What it means that “God is Love” – Honest Advent Week 2, Part 1

God Is Love | Discovery Series

During Honest Advent we are looking at what gifts we can give Jesus. Last week we learned that one of the gifts he wants is our vulnerability.  What we are starting to find in this Advent series is that the gifts Jesus wants are gifts that he first gave us.  Think about how Jesus gave us his vulnerability.  He left the perfection of heaven to become human, and not just any human, but a baby human.  A baby is completely vulnerable in this world, dependent on the care, the protection and the provision of other people, primarily the baby’s parents.  But Jesus went even further, way further, to be vulnerable.  As God he could have chosen to enter the human world from a position of power, such as being born into a really wealthy household, or a really influential household, like that of a King.  Instead he entered our world in the household of lowly peasants, who were part of a people group that had almost no power or influence, the Jews in first-century Palestine.  There he existed in obscurity, living a perfect life, and after three short years of ministry, he died a criminal’s death.  Talk about vulnerability.  The all-powerful God became a totally vulnerable baby, and then that same all-powerful God entered into death.  Why?  Love!  Love is the next gift that we see God has given us, and that we, in turn, give back to him.

To understand this love, let’s open our Bibles.  You might be familiar with the love chapter in the Bible, 1st Corinthians 13.  You know, the one that say, “Love is patient, love is kind…etc.”  That love chapter gives us an amazing definition of love, but I want us to turn to the love book of the Bible because of how it focuses on God’s love.  1st John.

So turn to 1st John 1:1-4 and read what it says.  There he writes to the Christians in his day, and all others who would read this, “I want you to know that what I am writing about, that what you have heard about from the beginning is the truth, because I saw it with my own eyes and I touched it with my own hands.”  What was the author an eyewitness of? 

To answer that, we need know who this writer is!  From ancient times, Christians identified the writer of this letter as John who was one of Jesus’ 12 disciples.  John wrote not only 1st John, but also the two other letters (epistles) that bear his name, 2nd and 3rd John, and the Gospel of John, as well as the book of Revelation.  When he wrote, we believe he was the only one of 12 disciples still alive, and because life expectancy in the First Century was so much shorter than it is now, John was the rare man who might have been living into his 80s or 90s.   

John has seen a lot in his years.  The church has grown, but it has also faced persecution, false teachers, and the normal inner growth pains any organization faces. Furthermore, as the years go by, memories of Jesus fade. Imagine the weight of responsibility John might feel as the last of the original eyewitnesses of Jesus.  What must it have been like to be the last person alive that actually walked with Jesus, talked with him, learned from him, saw his miracles, his death and resurrection?  I can see John wanting to preserve the true memory and teaching of Jesus for future generations.  So this is a letter about Jesus.  In particular it is a letter about the love of God that John saw and felt in Jesus.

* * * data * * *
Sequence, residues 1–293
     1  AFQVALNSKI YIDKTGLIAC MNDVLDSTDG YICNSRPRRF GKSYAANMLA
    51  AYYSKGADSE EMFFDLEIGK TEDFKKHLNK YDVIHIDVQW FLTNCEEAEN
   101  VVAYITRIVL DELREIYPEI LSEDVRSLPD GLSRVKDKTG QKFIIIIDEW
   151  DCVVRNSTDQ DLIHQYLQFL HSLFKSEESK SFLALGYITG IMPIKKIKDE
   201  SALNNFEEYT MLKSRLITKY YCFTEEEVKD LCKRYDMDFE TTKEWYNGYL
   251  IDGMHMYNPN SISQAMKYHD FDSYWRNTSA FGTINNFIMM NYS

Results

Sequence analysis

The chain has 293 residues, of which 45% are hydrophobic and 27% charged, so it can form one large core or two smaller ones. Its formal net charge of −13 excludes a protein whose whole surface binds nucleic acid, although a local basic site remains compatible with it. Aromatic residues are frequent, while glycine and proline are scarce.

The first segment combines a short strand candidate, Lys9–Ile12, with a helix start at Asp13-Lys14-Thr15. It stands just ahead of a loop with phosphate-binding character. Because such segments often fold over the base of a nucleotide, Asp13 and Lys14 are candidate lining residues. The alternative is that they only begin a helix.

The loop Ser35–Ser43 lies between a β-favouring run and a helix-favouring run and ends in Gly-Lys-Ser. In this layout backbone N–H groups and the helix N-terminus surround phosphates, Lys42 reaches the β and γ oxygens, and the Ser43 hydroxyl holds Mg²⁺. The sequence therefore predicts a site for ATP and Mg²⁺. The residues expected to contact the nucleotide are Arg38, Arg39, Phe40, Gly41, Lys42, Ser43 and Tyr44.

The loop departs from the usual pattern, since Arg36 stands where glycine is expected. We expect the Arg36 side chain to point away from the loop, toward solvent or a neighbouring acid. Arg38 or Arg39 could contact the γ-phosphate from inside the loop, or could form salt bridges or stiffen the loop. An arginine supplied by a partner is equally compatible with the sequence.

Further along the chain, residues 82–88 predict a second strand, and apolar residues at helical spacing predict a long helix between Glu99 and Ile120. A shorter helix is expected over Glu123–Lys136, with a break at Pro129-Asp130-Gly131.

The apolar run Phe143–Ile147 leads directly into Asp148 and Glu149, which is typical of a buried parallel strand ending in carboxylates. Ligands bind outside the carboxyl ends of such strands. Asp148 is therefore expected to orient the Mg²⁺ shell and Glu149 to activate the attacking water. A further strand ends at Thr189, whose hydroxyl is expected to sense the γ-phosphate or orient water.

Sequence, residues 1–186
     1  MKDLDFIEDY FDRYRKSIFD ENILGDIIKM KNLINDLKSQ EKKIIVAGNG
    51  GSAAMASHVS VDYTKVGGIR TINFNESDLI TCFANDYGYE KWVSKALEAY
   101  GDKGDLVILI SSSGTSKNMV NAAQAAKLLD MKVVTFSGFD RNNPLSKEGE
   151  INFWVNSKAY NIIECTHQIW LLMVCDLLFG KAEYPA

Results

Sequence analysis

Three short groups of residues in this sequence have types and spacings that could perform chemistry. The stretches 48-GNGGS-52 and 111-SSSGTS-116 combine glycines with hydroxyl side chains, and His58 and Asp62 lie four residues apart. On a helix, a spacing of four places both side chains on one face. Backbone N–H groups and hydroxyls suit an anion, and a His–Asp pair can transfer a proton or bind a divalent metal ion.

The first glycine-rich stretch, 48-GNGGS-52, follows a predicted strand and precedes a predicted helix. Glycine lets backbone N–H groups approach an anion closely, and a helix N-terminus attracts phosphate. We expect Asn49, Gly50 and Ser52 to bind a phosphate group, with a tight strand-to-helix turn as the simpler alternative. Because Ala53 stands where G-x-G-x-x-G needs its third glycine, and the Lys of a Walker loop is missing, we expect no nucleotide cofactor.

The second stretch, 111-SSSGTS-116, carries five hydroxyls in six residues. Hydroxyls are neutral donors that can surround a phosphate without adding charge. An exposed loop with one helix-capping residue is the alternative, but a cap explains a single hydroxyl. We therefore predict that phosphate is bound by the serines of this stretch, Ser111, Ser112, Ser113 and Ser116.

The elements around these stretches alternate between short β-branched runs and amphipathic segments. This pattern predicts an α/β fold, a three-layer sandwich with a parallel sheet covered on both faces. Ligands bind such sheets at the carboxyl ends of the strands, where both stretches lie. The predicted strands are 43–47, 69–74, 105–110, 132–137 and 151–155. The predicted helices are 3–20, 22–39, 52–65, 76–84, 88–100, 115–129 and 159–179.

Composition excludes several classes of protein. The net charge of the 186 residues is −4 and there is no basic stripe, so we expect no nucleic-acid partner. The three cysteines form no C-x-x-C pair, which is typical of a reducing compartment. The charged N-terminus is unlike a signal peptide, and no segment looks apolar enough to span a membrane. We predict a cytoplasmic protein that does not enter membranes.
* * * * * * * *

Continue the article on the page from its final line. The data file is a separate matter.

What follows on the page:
Look ahead to what he writes in 1 John 4:19, “We love because he first loved us.”  God initiated this love.  God’s love flows from who he is, John writes in chapter 4, verse 7.  God’s love is entirely consistent with the kind of God he is.  Love is God’s core. “God is love,” John writes in 1 John 4:16.   All of God’s other characteristics are adjectives that describe his love.  God is holy love.  God is gracious love.  God is merciful love. God is just love.  God is truthful love, faithful love, and on and on we could go describing his love. 

That love pours out of God.  You cannot separate God or any part of God from love.  It is who He is.

Here is what we read in 1st John chapter 3, verse 1: “How great is the love the Father has lavished on us, that we should be called children of God! And that is what we are!”  This is an astounding truth.  God has lavished his love on us to the point where we have the opportunity to be part of his family, to be his children!

But how do we become his children?

Keep your finger in 1st John 3, and turn to John’s Gospel, chapter 1, verse 12, where we read a bit more about how God’s love made it possible for us to become his children.  There we read, “Yet to all who received him, to those who believed in his name, he gave the right to become children of God—children not born of natural descent, not of human decision or a husband’s will, but born of God.”  God did it.  That’s how much he loves us.  God made it possible for us to become his children, John says, for all humans to become his children, by receiving him, by believing in his name. 

How did God do this?  Why did God do this?  And what does it mean to receive him and believe in his name?  Check back in to the next post as we’ll seek to answer these questions.

Published by joelkime

I love my wife, Michelle, and our four kids and two daughters-in-law. I serve at Faith Church and love our church family. I teach a course online from time to time, and in my free time I love to read and exercise, especially running,

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